Crusade for people pulls son back from Down Under - Amit Sarkar gives up job in Melbourne to contest polls in Purnea as homage to slain father Ajit Sarkar

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  • Published 29.09.10

Patna, Sept. 28: The pull of politics to nourish his late father’s dream has prompted an Australia-based IT professional to leave a lucrative job in Melbourne and try his fate in the Bihar Assembly elections.

Amit Kumar Sarkar, son of slain CPM leader Ajit Sarkar, will contest from the Purnea constituency, a northeast Bihar seat represented by his parents five times. While Ajit Sarkar was elected from the constituency four times (1980 to 1998), Amit’s mother Madhavi Sarkar won the seat in the 1998 bypoll after the brutal murder of her husband.

The CPM, however, failed to win from Purnea in the 2000 and 2005 polls.

“I used to feel restless while working in Australia and regular phone calls from supporters of my late father from Purnea further expedited my decision to quit the job of the Australian firm and join politics to serve the people,” the junior Sarkar told The Telegraph over phone from Purnea on Tuesday.

Ajit Sarkar, a firebrand farmer leader who had a long history of animosity with don-turned-politician Pappu Yadav, was gunned down in broad daylight on June 14, 1998, in Purnea, along with his driver and a party worker. Pappu Yadav, who went on to become a Lok Sabha member from Lalu Prasad’s RJD, has been convicted of the murder and is serving a life term,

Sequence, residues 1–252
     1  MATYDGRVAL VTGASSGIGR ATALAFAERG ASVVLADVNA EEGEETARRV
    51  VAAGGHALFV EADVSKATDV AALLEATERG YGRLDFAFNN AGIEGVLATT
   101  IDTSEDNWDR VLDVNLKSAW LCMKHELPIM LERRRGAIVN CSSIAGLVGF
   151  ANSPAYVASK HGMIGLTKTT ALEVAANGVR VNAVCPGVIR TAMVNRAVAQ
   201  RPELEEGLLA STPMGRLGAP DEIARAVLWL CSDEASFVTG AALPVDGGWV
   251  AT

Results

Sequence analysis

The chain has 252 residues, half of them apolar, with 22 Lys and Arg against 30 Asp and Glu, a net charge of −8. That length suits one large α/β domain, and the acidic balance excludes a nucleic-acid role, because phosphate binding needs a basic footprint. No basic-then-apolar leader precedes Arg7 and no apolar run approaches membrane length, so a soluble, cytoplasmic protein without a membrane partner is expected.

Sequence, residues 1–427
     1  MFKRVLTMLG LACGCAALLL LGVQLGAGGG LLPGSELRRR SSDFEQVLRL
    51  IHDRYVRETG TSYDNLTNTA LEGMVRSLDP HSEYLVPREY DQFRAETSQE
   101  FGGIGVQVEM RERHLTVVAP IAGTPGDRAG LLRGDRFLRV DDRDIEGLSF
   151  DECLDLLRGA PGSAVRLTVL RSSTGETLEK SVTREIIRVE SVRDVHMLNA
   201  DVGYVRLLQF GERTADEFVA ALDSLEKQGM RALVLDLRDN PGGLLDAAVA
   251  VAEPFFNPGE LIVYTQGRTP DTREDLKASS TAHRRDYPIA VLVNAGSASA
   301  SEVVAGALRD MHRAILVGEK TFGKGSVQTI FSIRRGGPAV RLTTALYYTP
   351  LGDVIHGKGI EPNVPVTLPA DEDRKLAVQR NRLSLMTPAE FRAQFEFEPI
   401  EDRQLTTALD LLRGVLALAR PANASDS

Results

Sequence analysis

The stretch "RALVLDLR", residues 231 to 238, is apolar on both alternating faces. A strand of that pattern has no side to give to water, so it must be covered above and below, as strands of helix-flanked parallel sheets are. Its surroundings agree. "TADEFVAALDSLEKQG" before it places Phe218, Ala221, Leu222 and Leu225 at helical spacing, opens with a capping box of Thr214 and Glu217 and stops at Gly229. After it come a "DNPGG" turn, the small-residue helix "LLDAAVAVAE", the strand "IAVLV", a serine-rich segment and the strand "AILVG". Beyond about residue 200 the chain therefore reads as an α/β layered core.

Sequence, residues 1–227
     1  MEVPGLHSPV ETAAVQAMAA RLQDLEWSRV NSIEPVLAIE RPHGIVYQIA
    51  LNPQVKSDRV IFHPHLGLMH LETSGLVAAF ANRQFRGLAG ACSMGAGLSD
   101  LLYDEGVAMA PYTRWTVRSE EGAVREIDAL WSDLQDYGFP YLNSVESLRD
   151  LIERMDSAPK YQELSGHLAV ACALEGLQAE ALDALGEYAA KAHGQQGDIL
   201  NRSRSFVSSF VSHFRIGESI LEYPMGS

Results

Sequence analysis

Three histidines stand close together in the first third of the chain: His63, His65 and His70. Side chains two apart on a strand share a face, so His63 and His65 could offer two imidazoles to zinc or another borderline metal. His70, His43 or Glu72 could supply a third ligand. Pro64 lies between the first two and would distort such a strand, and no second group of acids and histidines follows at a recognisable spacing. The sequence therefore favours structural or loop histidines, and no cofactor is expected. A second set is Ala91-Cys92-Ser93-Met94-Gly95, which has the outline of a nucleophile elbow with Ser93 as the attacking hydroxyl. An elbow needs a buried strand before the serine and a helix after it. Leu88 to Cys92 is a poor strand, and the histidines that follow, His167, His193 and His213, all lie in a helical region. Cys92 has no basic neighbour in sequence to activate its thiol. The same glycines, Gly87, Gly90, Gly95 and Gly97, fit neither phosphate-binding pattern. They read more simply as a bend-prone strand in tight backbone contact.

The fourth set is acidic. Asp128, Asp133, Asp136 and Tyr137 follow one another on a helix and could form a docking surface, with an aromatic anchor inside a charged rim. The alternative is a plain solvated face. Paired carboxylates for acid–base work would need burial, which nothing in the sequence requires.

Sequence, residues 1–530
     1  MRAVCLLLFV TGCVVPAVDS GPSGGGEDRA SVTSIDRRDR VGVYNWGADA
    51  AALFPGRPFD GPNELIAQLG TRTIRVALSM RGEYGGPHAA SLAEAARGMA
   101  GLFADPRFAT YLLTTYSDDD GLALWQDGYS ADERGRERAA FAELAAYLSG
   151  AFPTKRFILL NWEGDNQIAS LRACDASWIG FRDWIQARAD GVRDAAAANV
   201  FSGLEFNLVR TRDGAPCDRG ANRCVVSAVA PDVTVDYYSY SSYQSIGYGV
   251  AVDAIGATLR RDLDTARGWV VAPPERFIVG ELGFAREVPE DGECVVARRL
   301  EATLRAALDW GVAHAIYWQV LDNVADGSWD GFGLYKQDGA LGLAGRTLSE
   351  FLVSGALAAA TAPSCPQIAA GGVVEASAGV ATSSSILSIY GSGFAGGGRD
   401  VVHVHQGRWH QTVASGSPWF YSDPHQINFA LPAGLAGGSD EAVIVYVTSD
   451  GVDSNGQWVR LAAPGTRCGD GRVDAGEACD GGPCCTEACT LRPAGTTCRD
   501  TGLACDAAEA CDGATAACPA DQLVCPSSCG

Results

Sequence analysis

Amit had gone to Australia in 2000 and after obtaining degrees in IT and management, had worked with different firms there. At the time of calling it a day from the professional world, he was working with Aegis Australia. During his 10-year stay down under, the 28-year-old young man from Purnea got married to an Australian girl Blaga in 2005. The couple have two sons — Josh (4) and Jay (2).

Blaga extended her whole-hearted support to her husband when he decided to take the plunge in the uncertain world of politics where no one can guarantee a victory or a regular source of income. “She respected my desire to serve the constituency which was nursed by my father and never objected to my decision to quit the job,” said Amit. Blaga, in fact, is planning to come to India along with her two sons later this year and is likely to settle here with his husband.

It is not that the junior Sarkar is a novice in politics; he used to be an active member of the Students’ Federation of India (SFI) during his student days. “Though I never held any office in the SFI, I used to take active part in their membership drive,” he said.

His brush with the CPM student arm is evident when one asks him questions about the issues which he would like to address if elected to the Assembly.

“Forceful displacement of poor people who were settled on Bhoodan land by my father, non-supply of electricity in rural areas, lack of development in Purnea and rampant corruption are the major issues facing the people of this constituency and my priority would be to address these issues,” he said.

Amit does not bother much about his electoral fate and gives priority to the issues. “Win or lose, I am here to raise a voice in support of the people and I would continue to do so irrespective of the outcome of the Assembly polls,” he said.